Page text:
John’s Note: Crappie Pro Kyle Schoenherr guides on Rend Lake, Kinkaid Lake and Lake of Egypt in southern Illinois. Rend Lake is a U.S. Army Corps of Engineers lake like Grenada Lake in Mississippi and has shallow, stained water. Kinkaid Lake and Lake of Egypt are both deep, clear lakes.
Most of the lakes I guide on, my customers like to fish with single poles and watch the bobber dive for the bottom and feel the bite on the pole.
Most of my clients aren’t tournament crappie fishermen. If a person wants to buy his or her own crappie-fishing tackle, I suggest he get a 12-foot pole, which will allow him to fish farther away from the boat in shallow water and get a deeper hook set in deep water. If I had to pick one pole to crappie fish, it would be the B’n’M’s BGJP (Buck’s Graphite Jig Pole) (www.bnmpoles.com). This pole lets a crappie fisherman fish many different ways. Then I recommend a Shakespeare Sigma series (www.shakespeare-fishing.co.uk) ultra light reel or centrepin reel. The pole will cost about $30 to $40 and the reel about $19. When fishing jigs, I prefer 15-pound-test line with the diameter of 4-pound-test diameter braided line, when fishing in heavy cover. If the jig gets hung, you can reach down, take hold of that braided line and give it a steady pull to straighten out the hook on your jig.
I use both tube jigs and minnows with a Roadrunner (www.ttiblakemore.com) head. We use Midsouth (www.midsouthtackle.com) glow colors, in chartreuse, pink and white pearl glow colored jigs. I think crappie can see the glow colors better than they can the solid colors, especially in muddy or deep water. I like either the 1/16- or 1/8-ounce jigs.
One of the things I like about Rend Lake is that there’s buckbrush all the way around the lake, often in 6 to 10 inches of water. One of the problems, I have with anglers who never have fished with me is they want to pull the jigs all the way to ends of their poles, stick the poles in the buckbrush and then drop the jigs. If you use that type of presentation, you can’t set the hook. The buckbrush will stop the upward motion of the pole.
I suggest that my clients start with their jigs above the buckbrush, let their jigs down through the brush into the water, hold the excess line in their left hands and their poles in their right hands, the jigs to drop through the brush and then lower them to the bottom.
I don’t want the jigs to fall to the bottom..
Then, pull the jigs up a little off the bottom, and lower them again. By holding the jig above the brush and letting it fall through the brush above the water and to the bottom, anytime the jig is in the water; you can pull it straight up, get a good hook set and usually pull the crappie out of the brush. Even if the buckbrush is 6 foot out of the water, I still want to hold my pole and jig above the brush and get a vertical fall on the jig. Then, I have plenty of room to pull the pole up and set the hook hard.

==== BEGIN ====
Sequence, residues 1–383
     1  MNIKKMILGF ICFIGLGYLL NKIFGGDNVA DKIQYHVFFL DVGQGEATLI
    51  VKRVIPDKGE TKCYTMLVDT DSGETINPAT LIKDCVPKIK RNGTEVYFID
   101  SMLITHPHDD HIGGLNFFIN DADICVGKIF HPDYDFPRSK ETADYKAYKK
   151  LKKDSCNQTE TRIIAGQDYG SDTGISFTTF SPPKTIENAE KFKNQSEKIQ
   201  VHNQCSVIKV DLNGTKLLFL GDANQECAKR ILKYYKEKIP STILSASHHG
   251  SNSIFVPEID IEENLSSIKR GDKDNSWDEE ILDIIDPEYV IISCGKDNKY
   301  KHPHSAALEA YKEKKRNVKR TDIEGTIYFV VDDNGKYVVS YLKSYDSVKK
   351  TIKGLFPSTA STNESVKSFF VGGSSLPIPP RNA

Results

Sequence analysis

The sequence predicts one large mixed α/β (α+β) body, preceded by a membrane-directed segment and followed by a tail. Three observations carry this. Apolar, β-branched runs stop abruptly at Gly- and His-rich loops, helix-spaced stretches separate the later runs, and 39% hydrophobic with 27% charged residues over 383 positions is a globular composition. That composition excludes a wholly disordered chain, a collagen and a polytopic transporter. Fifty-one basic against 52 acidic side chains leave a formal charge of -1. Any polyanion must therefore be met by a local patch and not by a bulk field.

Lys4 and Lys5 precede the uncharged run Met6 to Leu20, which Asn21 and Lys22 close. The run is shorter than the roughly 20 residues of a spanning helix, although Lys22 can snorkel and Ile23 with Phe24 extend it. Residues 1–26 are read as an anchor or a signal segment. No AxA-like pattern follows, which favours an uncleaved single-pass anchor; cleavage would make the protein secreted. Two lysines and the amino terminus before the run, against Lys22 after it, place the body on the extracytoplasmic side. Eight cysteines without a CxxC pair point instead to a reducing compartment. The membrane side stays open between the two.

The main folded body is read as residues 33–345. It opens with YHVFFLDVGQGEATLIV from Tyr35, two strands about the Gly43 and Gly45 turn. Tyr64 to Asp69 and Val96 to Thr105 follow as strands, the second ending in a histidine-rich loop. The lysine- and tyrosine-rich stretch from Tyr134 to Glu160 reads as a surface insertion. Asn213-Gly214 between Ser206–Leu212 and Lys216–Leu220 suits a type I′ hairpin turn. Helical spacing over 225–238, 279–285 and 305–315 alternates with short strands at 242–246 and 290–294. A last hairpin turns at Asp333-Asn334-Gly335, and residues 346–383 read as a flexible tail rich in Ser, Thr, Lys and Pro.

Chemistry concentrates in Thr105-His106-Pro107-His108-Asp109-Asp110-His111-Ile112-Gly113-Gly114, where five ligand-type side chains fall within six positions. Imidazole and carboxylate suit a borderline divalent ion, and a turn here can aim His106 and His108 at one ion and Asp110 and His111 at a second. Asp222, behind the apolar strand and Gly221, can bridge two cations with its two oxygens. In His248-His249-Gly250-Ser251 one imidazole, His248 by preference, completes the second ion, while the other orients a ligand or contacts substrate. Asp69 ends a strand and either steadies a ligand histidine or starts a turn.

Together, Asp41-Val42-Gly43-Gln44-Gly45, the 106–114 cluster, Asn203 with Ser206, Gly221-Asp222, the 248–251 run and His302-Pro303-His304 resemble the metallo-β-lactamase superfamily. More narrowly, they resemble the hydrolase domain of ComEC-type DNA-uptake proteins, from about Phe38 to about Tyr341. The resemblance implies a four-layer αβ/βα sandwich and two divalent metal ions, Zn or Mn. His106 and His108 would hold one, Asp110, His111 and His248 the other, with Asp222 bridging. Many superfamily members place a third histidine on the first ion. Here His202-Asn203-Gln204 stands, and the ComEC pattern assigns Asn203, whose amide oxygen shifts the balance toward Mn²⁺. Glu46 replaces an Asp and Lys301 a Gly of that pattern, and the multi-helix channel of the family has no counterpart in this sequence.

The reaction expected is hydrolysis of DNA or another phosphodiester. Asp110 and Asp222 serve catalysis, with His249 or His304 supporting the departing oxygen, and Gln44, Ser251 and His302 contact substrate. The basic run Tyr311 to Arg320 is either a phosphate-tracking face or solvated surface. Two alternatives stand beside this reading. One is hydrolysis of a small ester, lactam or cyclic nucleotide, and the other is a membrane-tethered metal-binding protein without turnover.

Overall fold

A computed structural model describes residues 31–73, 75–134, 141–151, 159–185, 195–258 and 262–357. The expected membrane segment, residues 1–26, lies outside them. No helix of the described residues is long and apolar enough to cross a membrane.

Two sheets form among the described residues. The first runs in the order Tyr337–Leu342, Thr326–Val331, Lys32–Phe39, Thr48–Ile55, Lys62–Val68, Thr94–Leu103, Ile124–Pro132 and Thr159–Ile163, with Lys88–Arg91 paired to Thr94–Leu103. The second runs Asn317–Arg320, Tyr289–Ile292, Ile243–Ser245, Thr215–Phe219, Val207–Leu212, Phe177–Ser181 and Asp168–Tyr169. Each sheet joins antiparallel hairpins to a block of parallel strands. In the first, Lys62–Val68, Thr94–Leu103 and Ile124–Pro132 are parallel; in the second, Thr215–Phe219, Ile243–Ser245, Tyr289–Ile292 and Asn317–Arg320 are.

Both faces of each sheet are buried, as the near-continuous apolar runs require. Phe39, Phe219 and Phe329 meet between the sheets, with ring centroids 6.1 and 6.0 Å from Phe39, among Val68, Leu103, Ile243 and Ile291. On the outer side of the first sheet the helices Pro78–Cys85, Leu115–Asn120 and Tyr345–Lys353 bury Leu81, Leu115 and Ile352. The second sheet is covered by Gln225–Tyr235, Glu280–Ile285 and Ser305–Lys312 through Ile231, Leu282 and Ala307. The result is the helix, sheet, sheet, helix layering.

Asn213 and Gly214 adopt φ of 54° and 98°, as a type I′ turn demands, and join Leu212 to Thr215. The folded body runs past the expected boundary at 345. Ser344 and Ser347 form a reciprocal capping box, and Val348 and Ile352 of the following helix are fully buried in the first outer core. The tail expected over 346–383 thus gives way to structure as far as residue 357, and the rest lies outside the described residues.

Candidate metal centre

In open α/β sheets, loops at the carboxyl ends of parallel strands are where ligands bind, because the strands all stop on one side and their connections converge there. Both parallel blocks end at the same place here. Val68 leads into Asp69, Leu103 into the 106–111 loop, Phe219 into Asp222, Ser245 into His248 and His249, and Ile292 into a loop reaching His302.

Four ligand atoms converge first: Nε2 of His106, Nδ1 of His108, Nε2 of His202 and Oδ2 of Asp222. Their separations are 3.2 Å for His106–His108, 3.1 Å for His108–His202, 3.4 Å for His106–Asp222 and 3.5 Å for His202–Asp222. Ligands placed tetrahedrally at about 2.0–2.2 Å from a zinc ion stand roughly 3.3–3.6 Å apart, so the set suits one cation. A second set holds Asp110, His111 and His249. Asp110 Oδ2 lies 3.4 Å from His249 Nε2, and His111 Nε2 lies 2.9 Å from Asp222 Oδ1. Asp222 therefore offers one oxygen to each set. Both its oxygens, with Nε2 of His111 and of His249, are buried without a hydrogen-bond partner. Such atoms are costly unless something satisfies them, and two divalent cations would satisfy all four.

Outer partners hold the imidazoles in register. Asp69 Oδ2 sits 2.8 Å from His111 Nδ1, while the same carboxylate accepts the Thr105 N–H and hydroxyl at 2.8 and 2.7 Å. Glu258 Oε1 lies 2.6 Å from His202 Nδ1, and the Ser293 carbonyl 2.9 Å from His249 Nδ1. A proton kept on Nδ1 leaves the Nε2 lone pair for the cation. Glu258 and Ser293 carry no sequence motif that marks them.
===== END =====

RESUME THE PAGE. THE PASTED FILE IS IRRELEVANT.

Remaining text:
If we get a crappie hung in the brush, I have a 4-foot-long aluminum frog-gig handle. I take a large catfish hook and attach the catfish hook to the end of the frog gigging pole. I can reach in with my pole, put the catfish hook in the crappie’s mouth and pull the crappie out of the brush without pulling it off the hook. Another advantage to my catfish hook gaff is if my client gets his jig hung on a limb, I can put that catfish hook around the limb, turn it to the left or to the right and break off the limb his jig is hung on, and he can pull his jig and the limb it’s attached to back to the boat and get his jig unhooked.
Go to Kyle Schoenherr’s website: www.allseasonscrappiefishing.com to learn more.
For more crappie fishing tips, get John E. Phillips’ Kindle eBooks “Crappie: How to Catch Them Fall & Winter,” “Crappie: How to Catch Them Spring and Summer,” “Catch Cold Water Crappie Now,” and “Reelfoot Lake: How to Fish for Crappie, Bass, Bluegills and Catfish & Hunt for Ducks.” Click here to get these books.
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About the Author
John Phillips, winner of the 2012 Homer Circle Fishing Award for outstanding fishing writer by the American Sportfishing Association (ASA) and the Professional Outdoor Media Association (POMA), the 2008 Crossbow Communicator of the year and the 2007 Legendary Communicator chosen for induction into the National Fresh Water Hall of Fame, is a freelance writer (over 6,000 magazine articles for about 100 magazines and several thousand newspaper columns published), magazine editor, photographer for print media as well as industry catalogues (over 25,000 photos published), lecturer, outdoor consultant, marketing consultant, book author and daily internet content provider with an overview of the outdoors. Click here for more information and a list of all the books available from John E. Phillips.